LAHORE, Pakistan (Morning Star News) – Asif Masih beamed with joy to have his 12-year-old daughter back home on Tuesday (Feb. 16) in Faisalabad, Pakistan following her alleged kidnapping and forcible conversion and marriage to a 45-year-old Muslim.
“Praise God, for He has answered our prayers and rescued my daughter,” Masih said hours after Faisalabad Session Judge Rana Masood Akhtar ordered that Farah Shaheen be released from a government shelter “because she wants to go with him.” In a Jan. 23 hearing, Farah had told the court that she wanted to live with her so-called husband, Khizar Hayat – a statement made under threats and pressure at the shelter, her lawyer said.
The court verdict states that since the marriage between Farah and Hayat was not registered and a Nikahnama (Islamic marriage contract) was not verified by the area union council, she could not be kept in the shelter indefinitely.
“She’s deeply traumatized and fearful, but my child is very happy to be back in her family,” Masih told Morning Star News. “Just when we thought that we had lost her, this miracle happened. May God keep all daughters in His protection.”
Masih, a Roman Catholic daily wage laborer, had fought for Farah’s recovery since she was allegedly kidnapped by three Muslims from the family’s home in the Ahmedabad area of Faisalabad in June. The child was allegedly raped, forcibly converted to Islam and forced to marry Hayat.
Although intercourse with a girl below age 16 is statutory rape in Pakistan, in most cases a falsified conversion certificate and Nikahnama influences police and courts to pardon kidnappers.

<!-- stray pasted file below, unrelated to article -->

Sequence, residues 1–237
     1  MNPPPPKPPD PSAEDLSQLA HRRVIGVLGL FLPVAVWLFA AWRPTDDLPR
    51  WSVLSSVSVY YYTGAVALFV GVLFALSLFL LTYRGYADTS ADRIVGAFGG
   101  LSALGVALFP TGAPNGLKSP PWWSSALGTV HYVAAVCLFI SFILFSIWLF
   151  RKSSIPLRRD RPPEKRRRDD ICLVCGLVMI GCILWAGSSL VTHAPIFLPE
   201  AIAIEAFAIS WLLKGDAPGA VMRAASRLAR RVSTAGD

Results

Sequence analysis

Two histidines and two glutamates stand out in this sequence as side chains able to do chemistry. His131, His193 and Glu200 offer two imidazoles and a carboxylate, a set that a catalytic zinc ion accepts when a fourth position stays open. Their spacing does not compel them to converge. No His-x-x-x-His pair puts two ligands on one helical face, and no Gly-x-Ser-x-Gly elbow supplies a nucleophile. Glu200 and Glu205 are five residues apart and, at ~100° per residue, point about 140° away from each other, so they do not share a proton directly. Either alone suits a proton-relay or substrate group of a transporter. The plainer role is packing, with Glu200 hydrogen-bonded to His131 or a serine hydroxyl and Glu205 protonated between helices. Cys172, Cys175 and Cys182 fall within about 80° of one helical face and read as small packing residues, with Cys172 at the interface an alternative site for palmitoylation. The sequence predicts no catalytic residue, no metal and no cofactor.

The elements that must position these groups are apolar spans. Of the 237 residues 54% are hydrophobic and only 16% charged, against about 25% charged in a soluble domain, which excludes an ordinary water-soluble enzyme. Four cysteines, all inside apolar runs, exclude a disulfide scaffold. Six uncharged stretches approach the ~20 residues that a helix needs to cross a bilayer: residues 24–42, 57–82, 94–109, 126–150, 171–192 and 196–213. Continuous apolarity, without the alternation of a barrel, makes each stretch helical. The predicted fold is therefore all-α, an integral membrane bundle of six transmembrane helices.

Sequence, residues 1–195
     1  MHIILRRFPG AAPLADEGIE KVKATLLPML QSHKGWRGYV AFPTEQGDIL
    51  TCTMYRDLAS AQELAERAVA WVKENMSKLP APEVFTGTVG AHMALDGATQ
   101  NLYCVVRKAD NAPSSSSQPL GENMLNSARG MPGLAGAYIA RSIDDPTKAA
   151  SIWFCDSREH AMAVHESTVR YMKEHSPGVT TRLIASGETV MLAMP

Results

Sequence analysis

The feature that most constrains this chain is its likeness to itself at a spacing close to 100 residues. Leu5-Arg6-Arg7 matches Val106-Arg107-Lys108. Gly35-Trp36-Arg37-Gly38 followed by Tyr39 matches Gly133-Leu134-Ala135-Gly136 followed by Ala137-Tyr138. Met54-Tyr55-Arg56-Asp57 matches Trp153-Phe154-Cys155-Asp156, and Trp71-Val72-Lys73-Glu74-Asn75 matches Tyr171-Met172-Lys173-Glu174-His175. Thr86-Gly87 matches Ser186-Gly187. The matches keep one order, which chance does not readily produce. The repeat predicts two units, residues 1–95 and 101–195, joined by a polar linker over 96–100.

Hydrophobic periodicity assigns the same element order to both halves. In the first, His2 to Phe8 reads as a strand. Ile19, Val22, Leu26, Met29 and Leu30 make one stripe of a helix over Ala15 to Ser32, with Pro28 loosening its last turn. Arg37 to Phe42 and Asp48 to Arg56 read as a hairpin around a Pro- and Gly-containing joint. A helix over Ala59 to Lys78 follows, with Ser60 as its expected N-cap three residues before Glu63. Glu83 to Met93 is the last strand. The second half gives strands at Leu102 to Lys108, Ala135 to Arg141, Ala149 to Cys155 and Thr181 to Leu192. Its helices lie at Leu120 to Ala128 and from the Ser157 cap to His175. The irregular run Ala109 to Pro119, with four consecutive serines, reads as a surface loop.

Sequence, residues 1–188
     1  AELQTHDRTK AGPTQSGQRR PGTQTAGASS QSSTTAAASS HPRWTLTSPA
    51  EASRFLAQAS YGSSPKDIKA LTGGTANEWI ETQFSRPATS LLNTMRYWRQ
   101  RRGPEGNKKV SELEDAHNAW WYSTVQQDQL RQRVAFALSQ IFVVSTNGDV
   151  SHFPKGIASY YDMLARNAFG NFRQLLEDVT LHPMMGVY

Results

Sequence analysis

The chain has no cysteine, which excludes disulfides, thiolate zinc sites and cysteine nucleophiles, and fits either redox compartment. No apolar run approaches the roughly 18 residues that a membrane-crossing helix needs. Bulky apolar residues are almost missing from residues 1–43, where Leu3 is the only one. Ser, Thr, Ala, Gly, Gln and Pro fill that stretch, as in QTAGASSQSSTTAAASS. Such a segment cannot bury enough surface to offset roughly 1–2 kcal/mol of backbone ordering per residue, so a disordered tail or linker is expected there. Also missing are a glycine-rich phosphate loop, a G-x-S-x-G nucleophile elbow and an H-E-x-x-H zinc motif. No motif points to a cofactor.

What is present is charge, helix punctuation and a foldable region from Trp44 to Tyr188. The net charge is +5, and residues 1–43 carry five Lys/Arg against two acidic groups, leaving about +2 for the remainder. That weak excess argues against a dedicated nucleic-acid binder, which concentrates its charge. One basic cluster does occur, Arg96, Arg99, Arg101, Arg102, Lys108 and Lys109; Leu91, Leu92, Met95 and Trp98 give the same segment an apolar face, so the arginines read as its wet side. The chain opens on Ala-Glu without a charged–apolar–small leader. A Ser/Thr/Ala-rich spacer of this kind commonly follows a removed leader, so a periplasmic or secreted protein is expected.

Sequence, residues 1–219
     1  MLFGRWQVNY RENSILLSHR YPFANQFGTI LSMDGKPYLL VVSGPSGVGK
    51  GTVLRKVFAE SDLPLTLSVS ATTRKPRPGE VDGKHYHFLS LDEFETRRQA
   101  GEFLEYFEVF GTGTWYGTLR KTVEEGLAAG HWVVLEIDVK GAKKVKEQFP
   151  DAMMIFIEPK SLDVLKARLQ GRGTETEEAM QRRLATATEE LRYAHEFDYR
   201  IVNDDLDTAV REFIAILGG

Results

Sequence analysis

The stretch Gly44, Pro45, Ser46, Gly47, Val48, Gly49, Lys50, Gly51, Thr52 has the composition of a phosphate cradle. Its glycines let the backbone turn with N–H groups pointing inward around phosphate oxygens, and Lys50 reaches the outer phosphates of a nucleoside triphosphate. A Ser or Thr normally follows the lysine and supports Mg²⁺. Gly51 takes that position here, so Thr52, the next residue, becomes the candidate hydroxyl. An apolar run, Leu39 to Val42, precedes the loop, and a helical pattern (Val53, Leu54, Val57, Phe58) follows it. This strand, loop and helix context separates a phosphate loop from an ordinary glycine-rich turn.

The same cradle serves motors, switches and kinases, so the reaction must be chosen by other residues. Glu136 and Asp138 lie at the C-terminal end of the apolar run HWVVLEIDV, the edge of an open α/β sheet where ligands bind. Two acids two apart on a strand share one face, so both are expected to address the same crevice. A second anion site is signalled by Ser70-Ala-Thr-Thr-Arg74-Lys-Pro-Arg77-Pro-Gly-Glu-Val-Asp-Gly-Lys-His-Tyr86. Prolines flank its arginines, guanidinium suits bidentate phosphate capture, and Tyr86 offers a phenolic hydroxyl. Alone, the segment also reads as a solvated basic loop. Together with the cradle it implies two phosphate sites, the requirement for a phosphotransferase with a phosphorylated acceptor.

Hayat was taken into custody and released on bail, but he has yet to be charged for alleged kidnapping or rape, and fears for Farah’s security remain.
Police found Farah chained in the suspect’s home on Dec. 5 after Masih reported she had been kidnapped on June 25, and a judge ordered her to be kept in police custody; she was then sent to a government-run shelter home while her case went to court.
Church leaders and rights activists said they fear that such shelter homes, police and courts were facilitating the forced conversions of Christian girls.
Rights activist Lala Robin Daniel told Morning Star News that Hayat and his alleged accomplices would remain a threat to Masih and his family until they are taken into custody and punished.
“All those who were involved in this case should be given exemplary punishments so that people have a fear of the law,” Daniel told Morning Star News. “Unless stern legislation is brought against forced conversions of minor girls and the accused are punished, there is little hope for safety of our children.”